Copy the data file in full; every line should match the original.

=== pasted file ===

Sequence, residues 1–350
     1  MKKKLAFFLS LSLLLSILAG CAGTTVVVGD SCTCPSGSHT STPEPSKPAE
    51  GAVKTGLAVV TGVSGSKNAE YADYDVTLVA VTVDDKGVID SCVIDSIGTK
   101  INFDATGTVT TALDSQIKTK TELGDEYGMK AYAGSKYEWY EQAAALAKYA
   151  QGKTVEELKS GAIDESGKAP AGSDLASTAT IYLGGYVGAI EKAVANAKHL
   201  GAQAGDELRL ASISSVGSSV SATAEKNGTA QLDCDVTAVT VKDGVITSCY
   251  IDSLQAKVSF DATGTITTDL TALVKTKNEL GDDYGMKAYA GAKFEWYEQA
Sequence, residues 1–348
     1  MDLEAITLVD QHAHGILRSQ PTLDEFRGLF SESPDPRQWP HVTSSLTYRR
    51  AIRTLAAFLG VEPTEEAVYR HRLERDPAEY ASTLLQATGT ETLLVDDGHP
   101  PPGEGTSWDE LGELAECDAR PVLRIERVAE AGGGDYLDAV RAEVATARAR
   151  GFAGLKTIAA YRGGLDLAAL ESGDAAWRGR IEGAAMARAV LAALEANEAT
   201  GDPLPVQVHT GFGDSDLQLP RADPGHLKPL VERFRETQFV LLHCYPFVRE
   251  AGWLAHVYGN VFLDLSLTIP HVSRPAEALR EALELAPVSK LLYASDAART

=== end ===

Sequence, residues 1–350
     1  MKKKLAFFLS LSLLLSILAG CAGTTVVVGD SCTCPSGSHT STPEPSKPAE
    51  GAVKTGLAVV TGVSGSKNAE YADYDVTLVA VTVDDKGVID SCVIDSIGTK
   101  INFDATGTVT TALDSQIKTK TELGDEYGMK AYAGSKYEWY EQAAALAKYA
   151  QGKTVEELKS GAIDESGKAP AGSDLASTAT IYLGGYVGAI EKAVANAKHL
   201  GAQAGDELRL ASISSVGSSV SATAEKNGTA QLDCDVTAVT VKDGVITSCY
   251  IDSLQAKVSF DATGTITTDL TALVKTKNEL GDDYGMKAYA GAKFEWYEQA
Sequence, residues 1–348
     1  MDLEAITLVD QHAHGILRSQ PTLDEFRGLF SESPDPRQWP HVTSSLTYRR
    51  AIRTLAAFLG VEPTEEAVYR HRLERDPAEY ASTLLQATGT ETLLVDDGHP
   101  PPGEGTSWDE LGELAECDAR PVLRIERVAE AGGGDYLDAV RAEVATARAR
   151  GFAGLKTIAA YRGGLDLAAL ESGDAAWRGR IEGAAMARAV LAALEANEAT
   201  GDPLPVQVHT GFGDSDLQLP RADPGHLKPL VERFRETQFV LLHCYPFVRE
   251  AGWLAHVYGN VFLDLSLTIP HVSRPAEALR EALELAPVSK LLYASDAART